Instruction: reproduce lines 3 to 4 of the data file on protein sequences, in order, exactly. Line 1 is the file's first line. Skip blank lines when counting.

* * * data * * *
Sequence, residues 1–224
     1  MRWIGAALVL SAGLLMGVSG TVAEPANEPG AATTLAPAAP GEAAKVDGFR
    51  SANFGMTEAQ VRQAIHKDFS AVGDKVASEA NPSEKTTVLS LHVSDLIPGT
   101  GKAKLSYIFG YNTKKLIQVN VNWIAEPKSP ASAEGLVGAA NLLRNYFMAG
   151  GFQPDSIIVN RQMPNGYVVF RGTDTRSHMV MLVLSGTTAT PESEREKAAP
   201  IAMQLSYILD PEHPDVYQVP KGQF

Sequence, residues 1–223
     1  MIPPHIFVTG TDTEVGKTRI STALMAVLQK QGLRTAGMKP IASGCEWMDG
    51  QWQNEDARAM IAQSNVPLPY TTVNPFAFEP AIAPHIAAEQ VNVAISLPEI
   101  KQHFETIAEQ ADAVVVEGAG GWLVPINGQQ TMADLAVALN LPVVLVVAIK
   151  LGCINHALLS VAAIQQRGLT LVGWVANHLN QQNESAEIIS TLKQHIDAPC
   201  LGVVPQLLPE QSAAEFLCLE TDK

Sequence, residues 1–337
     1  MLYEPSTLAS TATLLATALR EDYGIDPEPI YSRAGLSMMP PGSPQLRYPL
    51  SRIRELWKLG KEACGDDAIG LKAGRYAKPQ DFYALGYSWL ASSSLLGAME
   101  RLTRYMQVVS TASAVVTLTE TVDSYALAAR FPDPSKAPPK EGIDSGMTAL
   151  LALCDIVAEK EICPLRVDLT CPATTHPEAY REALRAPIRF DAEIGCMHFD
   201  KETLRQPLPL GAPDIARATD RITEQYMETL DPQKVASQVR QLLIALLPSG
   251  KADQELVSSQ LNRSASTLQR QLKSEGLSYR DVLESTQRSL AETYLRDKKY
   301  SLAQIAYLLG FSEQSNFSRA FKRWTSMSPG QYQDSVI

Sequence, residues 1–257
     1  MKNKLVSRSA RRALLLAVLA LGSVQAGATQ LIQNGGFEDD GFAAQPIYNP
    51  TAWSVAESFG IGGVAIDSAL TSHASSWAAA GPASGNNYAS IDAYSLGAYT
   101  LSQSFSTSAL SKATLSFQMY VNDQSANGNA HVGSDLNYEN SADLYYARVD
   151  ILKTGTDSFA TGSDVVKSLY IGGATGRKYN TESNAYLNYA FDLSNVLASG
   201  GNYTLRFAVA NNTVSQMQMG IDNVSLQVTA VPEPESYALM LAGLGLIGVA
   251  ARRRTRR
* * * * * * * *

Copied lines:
    51  SANFGMTEAQ VRQAIHKDFS AVGDKVASEA NPSEKTTVLS LHVSDLIPGT
   101  GKAKLSYIFG YNTKKLIQVN VNWIAEPKSP ASAEGLVGAA NLLRNYFMAG